Sunday, 14 October 2012

Pigeon holed

Someone suggested the other day that the label "eccentric" was out of date, that the people we used to call eccentric would nowadays be diagnosed with a range of mental health problems.

A recluse would be identified as agoraphobic, a hoarder as having OCD, a social clod as having a personality disorder, and so on. They'd all be neatly pigeon-holed by therapists and given a suitable course of treatment.

Well, I think that's absurd. Of course there are people who're eccentric, meaning strange or unusual or wacky, and to reduce them all to mental health categories would be dehumanising nonsense.

It denies the full richness and uniqueness of their identity, as well as implying they aren't just strange but psychologically damaged.

I'm sure we all know a few individuals we would call eccentric - because of their odd clothes, or opinions, or way of talking, or domestic habits. But we wouldn't dismiss them as mentally ill, we'd just see them as a bit dysfunctional, not quite all there.

Attitudes to eccentrics have changed though. A few decades ago people would have enjoyed being seen as eccentric. They would have revelled in it, and tried to be even more outlandish. People like Screaming Lord Sutch, Kenneth Williams and Su Pollard.

But nowadays most people find the label embarrassing, almost a liability. Even if they're privately as eccentric as a pink banana, they take care not to show it but to pass as a normal, unobtrusive citizen. Only if you know them well do you realise they're nutty as fruitcake.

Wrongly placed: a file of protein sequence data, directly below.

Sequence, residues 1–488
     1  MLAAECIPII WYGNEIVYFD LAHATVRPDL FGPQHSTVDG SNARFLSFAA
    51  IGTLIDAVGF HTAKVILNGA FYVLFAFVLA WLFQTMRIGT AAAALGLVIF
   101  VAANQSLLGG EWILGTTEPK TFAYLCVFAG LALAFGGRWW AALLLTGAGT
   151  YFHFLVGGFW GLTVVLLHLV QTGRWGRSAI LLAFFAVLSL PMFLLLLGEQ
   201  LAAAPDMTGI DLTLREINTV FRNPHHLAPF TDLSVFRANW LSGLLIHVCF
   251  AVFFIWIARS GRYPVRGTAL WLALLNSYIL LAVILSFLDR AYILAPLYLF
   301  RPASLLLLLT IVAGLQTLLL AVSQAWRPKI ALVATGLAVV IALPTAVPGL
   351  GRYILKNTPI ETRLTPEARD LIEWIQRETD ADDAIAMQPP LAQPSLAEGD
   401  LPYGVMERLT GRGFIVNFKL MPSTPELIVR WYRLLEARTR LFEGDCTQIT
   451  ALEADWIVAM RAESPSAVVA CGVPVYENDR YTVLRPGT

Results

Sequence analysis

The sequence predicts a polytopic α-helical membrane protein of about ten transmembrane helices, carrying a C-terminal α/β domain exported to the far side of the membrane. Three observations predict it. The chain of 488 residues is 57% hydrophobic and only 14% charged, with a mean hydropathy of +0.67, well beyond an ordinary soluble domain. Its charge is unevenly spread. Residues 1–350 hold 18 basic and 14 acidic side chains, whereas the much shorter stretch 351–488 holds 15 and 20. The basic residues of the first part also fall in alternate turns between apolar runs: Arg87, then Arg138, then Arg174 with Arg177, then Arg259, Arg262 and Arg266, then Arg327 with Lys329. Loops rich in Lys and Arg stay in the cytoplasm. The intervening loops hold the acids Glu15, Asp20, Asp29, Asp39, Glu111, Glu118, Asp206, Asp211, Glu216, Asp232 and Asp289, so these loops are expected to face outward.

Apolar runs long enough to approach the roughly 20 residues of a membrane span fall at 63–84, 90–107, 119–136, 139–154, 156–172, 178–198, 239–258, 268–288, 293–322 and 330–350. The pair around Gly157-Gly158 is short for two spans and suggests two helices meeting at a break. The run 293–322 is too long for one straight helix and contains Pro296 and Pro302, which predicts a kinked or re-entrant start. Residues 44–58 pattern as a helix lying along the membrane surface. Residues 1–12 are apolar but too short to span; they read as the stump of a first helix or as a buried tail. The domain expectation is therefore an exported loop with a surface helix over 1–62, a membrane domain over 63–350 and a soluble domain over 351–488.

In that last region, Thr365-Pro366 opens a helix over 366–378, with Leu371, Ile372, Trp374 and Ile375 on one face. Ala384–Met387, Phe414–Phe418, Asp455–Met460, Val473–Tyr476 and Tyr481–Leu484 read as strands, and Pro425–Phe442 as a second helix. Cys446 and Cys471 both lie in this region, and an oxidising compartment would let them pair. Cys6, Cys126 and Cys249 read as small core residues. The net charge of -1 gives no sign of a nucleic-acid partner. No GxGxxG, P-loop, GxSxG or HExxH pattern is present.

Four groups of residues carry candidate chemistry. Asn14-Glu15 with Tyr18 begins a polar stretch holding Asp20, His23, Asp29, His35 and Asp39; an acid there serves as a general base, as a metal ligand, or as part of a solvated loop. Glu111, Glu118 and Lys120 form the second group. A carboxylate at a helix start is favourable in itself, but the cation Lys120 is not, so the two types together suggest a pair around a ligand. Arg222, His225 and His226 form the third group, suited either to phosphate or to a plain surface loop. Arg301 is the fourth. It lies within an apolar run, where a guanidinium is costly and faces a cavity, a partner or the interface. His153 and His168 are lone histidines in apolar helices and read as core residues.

Which means it's hard to think of any contemporary eccentrics. Grayson Perry is about the only one who comes to mind.

But there are plenty out there, lurking behind the grey suits and the sensible dresses. Just doing their thing and trying not to be diagnosed.

Pic: Emilie Autumn, the American singer-songwriter


Anonymous said...

I don't like the way eccentricity is now more likely to be pigeon-holed in the way you describe.
Hurrah for eccentricity.
And more sinister - one of the lesser consequences of paedophile Jimmy Savile's legacy is that eccentrics - especially older men - may now be viewed less tolerantly than before.

John Gray said...

perhaps my friend , people today are just less tolerant than they used to be

John Gray said...

strike that last comment
on reflection I think I mean people are ore suspicious
hey ho

Nick said...

Paul: Indeed, one sad consequence of the Jimmy Savile revelations is that anyone resembling an eccentric may now be seen as a potential sex abuser.

John: You're right, people are more suspicious than they used to be and less likely to give people the benefit of the doubt.

Wisewebwoman said...

The homogenization of our society is a crime. Everyone needs a slot.



Nick said...

www: We all need space to express ourselves properly and find out who we really are, as opposed to what other people expect us to be.

Cheerful Monk said...

Have you not yet carved out that space for yourself? You seem to worry a lot about what other people think. It sometimes take courage to be our true selves.

Secret Agent Woman said...